Like everything else, one’s housing affordability is dependent on a variety of factors. While it’s certainly not impossible to buy a home in today’s housing market, Triplett said it’s unlikely that a state like Florida which has continued population growth, to see dramatically lower prices in homes.  

Activists hold up their fist, chanting, with large white signs
Jacksonville activists protested rising housing costs in the city during a City Council meeting in August 2022. Raising awareness for what they called a housing crisis, they touted homemade signs and spoke during the meeting. (Carter Mudgett)

It’s also not just housing that has seen dramatic price changes. Data shows, on average, wages have been slow to keep up with the general price increases since inflation first drastically increased. 

A report from Statista found that the rate of inflation exceeded the growth of wages in April 2021, with inflation amounting to 4.2%, while wages grew by 3.2%. However, the growth of wages surpassed that of inflation for the first time since early 2021 in April of 2023. 

The imbalance between prices increasing and wages struggling to keep up has been an evident burden on millions of American families.  

Triplett said there’s no one right answer as to when things may begin to level out again. It depends on what is believed to be the major sources of current inflation — classic supply and demand. 

Those on the supply side believe that today’s inflation is due mostly to disruptions of the supply chain or in production and manufacturing in the labor market, which was seen a lot during the pandemic.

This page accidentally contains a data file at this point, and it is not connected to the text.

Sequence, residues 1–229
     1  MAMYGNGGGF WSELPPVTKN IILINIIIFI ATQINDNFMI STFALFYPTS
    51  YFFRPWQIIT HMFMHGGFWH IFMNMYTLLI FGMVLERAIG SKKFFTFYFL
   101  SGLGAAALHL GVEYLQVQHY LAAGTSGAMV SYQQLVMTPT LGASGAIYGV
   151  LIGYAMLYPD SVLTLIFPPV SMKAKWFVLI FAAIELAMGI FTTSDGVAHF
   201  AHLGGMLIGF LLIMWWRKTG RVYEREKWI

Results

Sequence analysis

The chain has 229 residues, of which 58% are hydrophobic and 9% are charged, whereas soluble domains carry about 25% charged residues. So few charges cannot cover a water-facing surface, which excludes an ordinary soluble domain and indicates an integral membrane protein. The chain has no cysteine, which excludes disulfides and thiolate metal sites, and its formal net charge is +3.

“If you’re on the supply side… you’re pretty optimistic,” Triplett said. “You think these things will slowly work themselves out, and then inflation will slowly decline.”  

Those on the demand side of the debate point to the amount of stimulus from the federal government, in the form of monetary value and low-interest rates, designed to boost the economy. 

 “That fueled a lot of buying and a lot of consumption at a time when there wasn’t a whole lot available to be purchased, and that can lead to rising prices. There was a mismatch,” Triplett said. 

Relieving this demand pressure means raising interest rates and in turn, raising mortgage rates, car loans, credit cards — anything that is interest-rate sensitive becomes more expensive. In the end, the purpose is to slow that demand, slow consumption and slow buying behavior.  

“Almost certainly it’s a little bit of both,” Triplett said.

 Inflation rates have been in a downward trend. A few months ago, they were around 9% but now sit at around five-and-a-half to 6%. Although it’s well away from the targeted 2% that we saw prior to the pandemic. Nevertheless, there’s a hopeful downward trend occurring.  

A 2019 report from Harvard Business Review interviewed 54 college graduates and found that some of the main discrepancies experienced between college and the “real world” lie in feedback, relationships and accountability.

Some students said that the change from once receiving immediate feedback and the structure found in college shifts in the professional world and it’s a difficult challenge the navigate that transition. Others cited challenges from the new amount of accountability that school doesn’t always prepare students for. 

When you’re young coming out of college, you don’t realize what you’re walking into. You either perform or you don’t, and you could lose your job any day,” one interviewee responded.

The shift from college to professionalism is one of the first major steps young people take, and although the reality being faced can seem like a scary one, there certainly are promising opportunities and endless freedom waiting for the next generation of college graduates.